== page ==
To share in Belize’s special sense of place, and to surround yourself with the country’s rich and vibrant cultural traditions, all you need to carry with you is an open mind and a smile. These two things are easy to pack and bring the greatest reward. For years, Belize has prided itself on being “Mother Nature’s Best Kept Secret.” Now Belizeans have decided to let that secret out for others to discover and enjoy. And just as importantly, you can come be a part of Belize’s sustainable tourism efforts in protecting these treasures for future generations.

The other day someone at the office mentioned the term “ecotourism” and a debate ensued as to what exactly that term means now-a-days. So I decided to look it up on Wikipedia and was surprised to find that the description fit Adventure Island to a “T”.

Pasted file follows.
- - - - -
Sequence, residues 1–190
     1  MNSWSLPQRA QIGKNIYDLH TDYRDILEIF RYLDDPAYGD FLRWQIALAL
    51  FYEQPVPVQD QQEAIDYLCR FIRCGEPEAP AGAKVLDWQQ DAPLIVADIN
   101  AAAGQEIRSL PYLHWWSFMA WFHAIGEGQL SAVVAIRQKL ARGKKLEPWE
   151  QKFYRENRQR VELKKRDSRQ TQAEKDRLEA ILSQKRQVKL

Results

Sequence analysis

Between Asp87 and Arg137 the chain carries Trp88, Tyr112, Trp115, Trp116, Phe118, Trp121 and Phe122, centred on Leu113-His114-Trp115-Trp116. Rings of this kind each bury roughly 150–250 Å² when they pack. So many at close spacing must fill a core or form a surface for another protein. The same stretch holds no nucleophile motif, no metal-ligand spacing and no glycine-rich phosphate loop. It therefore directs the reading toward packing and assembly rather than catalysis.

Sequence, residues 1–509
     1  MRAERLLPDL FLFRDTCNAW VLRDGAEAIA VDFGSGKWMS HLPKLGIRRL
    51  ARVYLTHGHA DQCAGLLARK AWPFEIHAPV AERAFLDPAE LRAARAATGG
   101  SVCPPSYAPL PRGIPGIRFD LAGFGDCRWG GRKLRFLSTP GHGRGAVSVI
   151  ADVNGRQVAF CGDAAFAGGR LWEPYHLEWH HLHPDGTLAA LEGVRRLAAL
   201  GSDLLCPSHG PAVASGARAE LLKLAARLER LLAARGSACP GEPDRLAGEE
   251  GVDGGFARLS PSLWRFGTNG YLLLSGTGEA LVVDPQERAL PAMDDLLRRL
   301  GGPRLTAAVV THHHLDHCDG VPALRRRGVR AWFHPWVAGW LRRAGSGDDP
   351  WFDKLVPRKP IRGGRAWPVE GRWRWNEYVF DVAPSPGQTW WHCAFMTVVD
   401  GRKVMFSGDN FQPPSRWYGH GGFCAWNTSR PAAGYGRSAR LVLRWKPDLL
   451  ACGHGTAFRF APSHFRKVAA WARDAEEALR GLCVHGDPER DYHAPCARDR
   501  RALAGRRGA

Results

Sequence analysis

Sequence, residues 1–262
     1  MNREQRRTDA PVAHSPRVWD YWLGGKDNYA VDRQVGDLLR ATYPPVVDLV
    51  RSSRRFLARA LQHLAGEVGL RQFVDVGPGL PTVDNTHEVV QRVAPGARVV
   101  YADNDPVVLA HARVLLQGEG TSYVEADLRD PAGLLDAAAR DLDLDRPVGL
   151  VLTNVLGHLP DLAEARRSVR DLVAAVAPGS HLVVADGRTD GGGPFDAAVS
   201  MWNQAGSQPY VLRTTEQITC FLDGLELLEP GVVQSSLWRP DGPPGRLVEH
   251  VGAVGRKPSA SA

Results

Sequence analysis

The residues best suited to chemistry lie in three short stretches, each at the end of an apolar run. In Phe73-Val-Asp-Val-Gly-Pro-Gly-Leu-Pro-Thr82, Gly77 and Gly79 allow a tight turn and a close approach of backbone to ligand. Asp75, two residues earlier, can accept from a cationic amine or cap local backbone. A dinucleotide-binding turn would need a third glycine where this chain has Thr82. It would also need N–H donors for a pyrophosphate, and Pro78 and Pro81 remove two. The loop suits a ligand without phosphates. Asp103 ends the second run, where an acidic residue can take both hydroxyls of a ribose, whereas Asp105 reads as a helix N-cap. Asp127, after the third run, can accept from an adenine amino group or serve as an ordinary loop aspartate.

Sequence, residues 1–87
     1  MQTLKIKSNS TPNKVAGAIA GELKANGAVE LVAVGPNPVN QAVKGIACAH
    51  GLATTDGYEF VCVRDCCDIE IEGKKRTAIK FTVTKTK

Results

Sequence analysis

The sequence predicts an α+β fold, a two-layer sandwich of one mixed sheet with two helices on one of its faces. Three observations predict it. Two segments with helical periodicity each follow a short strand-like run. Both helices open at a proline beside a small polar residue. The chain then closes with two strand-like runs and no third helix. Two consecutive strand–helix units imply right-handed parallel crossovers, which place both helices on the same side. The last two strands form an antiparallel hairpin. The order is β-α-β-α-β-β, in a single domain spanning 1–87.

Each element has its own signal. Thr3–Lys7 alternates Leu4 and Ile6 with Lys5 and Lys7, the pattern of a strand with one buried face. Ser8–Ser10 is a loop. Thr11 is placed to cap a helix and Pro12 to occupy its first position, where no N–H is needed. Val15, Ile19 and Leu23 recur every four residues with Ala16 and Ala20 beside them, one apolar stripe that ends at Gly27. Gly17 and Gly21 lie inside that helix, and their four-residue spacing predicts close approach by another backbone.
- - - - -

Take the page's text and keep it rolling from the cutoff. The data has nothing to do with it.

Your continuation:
Ecotourism is responsible travel to fragile, pristine, and usually protected areas that strive to be low impact and (often) small scale (as an alternative to mass tourism).

Fragile, pristine, protected: The government of Belize protects Glover’s Reef as a national Marine Reserve and World Heritage Site because it “is considered the prototypic atoll of the Caribbean. It is not only the best developed biologically, but also possesses the greatest diversity of reef types.”

Low impact: The facilities at Adventure Island are as green as they get. Everything is solar and wind powered, and water is supplied by rainwater catchments. Where most resorts use motorboats to take guests out to reefs for snorkeling, we use self-propelled kayaks.

Small scale: Our maximum capacity is 34 guests.

Adventure Island is the epitome of ecotourism.